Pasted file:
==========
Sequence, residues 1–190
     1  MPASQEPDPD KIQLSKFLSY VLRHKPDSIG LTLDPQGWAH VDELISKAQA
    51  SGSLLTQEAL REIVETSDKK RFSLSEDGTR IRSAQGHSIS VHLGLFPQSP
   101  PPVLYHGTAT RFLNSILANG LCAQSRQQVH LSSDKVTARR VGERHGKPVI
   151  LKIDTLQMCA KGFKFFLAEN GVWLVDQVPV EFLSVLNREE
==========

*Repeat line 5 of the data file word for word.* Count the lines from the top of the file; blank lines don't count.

   151  LKIDTLQMCA KGFKFFLAEN GVWLVDQVPV EFLSVLNREE